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Re: Peter Lik Declares Himself God
« Reply #93 on: October 19, 2015, 05:28:38 pm »

Quote
I've named it: "43 minutes too late with slipping ball head".

That is the funniest thing I have read in ages! Made my spit my morning coffee over the keyboard. ;D ;D ;D
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MichaelEzra

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Re: Peter Lik Declares Himself God
« Reply #94 on: February 07, 2016, 04:50:54 pm »

I stumbled upon info on Peter Lik a few days ago. Artwork looked interesting, so I paid a visit to local gallery in NYC. Excellent presentation, nicely done.
Had a quick chat with sales. Apparently prints are on Fuji metallic paper. In combo with Acrylic it looks great.
I noticed that the photo paper is sandwiched between two 1/8" acrylic, a usual way would have been dibond or some other substrate in the back.
There was however, what appears a quite heavy duty black finished aluminum frame on the back of that sandwich. Nice solution.

When I asked the sales person whether acrylic and print are mounted on metal, she said that the paper is already metallic, hence no other metal is necessary:)
« Last Edit: February 08, 2016, 07:47:52 am by MichaelEzra »
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BobShaw

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Re: Peter Lik Declares Himself God
« Reply #95 on: February 07, 2016, 11:17:46 pm »

Kincade made a lot of money while he was alive, as does Lik.  That's more than van Gogh and a lot of other artists did and do.  And although Kincade died of alcoholism and drug addiction, which negatively effected his business, he never cut off his ear.  Of course none of that has anything to do with his work or Van Gogh's or Lik's for that matter.  My point is, judge his or anyone's work on its artistic value.    You obviously don't like it, which is fine.  But many people did and still do.  Knocking someone's work that is enjoyed by millions by declaring him mediocre and the people who admire his work as middlebrow is narrow-minded and insulting.
+ everyone who is not just jealous. 5 pages? Seriously. I admire successful people.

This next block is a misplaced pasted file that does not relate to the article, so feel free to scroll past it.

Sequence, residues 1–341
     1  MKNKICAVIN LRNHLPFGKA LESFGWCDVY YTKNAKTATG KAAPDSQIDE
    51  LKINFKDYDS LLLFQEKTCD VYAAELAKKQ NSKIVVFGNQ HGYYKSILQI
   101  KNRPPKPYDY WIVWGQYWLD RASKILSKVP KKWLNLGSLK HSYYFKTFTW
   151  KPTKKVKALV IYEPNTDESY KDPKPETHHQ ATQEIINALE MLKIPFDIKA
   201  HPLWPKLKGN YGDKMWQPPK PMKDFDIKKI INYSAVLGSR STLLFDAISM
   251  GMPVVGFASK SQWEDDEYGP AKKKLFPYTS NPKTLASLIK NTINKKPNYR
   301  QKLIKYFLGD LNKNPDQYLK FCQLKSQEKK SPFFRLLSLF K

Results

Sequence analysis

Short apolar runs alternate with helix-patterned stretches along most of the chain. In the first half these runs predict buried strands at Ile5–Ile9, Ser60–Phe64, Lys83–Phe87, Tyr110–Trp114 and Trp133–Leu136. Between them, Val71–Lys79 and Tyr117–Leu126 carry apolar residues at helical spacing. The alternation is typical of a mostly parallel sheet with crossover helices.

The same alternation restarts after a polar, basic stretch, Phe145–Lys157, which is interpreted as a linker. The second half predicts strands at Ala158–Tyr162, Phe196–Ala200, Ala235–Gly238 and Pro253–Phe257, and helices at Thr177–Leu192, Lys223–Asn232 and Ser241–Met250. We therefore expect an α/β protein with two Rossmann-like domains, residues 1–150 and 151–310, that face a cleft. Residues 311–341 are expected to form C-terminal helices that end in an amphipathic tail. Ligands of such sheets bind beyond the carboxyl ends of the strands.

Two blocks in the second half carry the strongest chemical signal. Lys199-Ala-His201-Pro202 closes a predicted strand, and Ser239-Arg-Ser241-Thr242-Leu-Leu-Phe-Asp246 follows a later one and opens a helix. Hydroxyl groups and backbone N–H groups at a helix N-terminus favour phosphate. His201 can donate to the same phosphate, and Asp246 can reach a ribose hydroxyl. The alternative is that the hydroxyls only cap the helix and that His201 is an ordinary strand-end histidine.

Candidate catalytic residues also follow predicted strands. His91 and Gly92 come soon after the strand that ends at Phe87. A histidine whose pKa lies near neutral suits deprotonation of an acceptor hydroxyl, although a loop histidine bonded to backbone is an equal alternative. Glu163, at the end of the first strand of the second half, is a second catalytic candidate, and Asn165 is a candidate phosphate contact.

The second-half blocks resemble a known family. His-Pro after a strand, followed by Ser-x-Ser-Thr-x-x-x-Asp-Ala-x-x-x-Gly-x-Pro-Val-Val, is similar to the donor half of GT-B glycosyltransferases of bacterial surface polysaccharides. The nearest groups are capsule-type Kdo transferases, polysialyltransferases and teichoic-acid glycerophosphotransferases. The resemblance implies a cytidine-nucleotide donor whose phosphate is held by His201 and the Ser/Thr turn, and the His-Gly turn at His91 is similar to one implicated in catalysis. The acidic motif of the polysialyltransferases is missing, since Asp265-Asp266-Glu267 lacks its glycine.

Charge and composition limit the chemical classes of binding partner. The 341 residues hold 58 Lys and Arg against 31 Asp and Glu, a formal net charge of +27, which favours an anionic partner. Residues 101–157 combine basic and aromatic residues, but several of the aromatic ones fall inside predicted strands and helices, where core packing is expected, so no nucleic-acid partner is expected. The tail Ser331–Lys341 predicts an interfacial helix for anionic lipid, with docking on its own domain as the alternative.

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Wayne Fox

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Re: Peter Lik Declares Himself God
« Reply #96 on: February 13, 2016, 11:45:24 am »

I stumbled upon info on Peter Lik a few days ago. Artwork looked interesting, so I paid a visit to local gallery in NYC. Excellent presentation, nicely done.
Had a quick chat with sales. Apparently prints are on Fuji metallic paper. In combo with Acrylic it looks great.
I noticed that the photo paper is sandwiched between two 1/8" acrylic, a usual way would have been dibond or some other substrate in the back.
There was however, what appears a quite heavy duty black finished aluminum frame on the back of that sandwich. Nice solution.

When I asked the sales person whether acrylic and print are mounted on metal, she said that the paper is already metallic, hence no other metal is necessary:)
fuji doesnít make a ďmetallicĒ paper.  Lik prints on FujiFlex, basically a Fuji Crystal Archive emulsion on a white super high gloss PET base.  Kodak makes a metallic paper which does look nice face mounted with certain subjects, but Iíve never seen a Lik print on Kodak metallic in the several galleries Iíve visited.

Iíve been in several Lik galleries, and the sales staff act very informed and yet often spew out information that is totally false.  I heard one claim the paper was a special resin full of little crystals like pearls that is hardened while being printed .... obviously their interpretation of Fuji Pearl.
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Christoph B.

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Re: Peter Lik Declares Himself God
« Reply #97 on: February 14, 2016, 08:34:42 am »

I guess this whole Lik-phenomenon must be an american thing, never heard of the guy in Europe, has no galleries overseas and I've never seen any of his stuff in exhibitions...

That could also explain the low resale value; there just isn't that much demand worldwide.

But who knows, maybe he'll be a famous artist someday, right now he's a successful businessman and photographer.
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Justinr

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Re: Peter Lik Declares Himself God
« Reply #98 on: February 26, 2016, 07:26:29 am »

+ everyone who is not just jealous. 5 pages? Seriously. I admire successful people.

Aye, there maybe some truth in that but let's not all succumb to hype.
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Otto Phocus

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Re: Peter Lik Declares Himself God
« Reply #99 on: February 26, 2016, 07:43:09 am »

It would be very difficult to estimate how much Mr Lik's work  influences my photography.

 ;)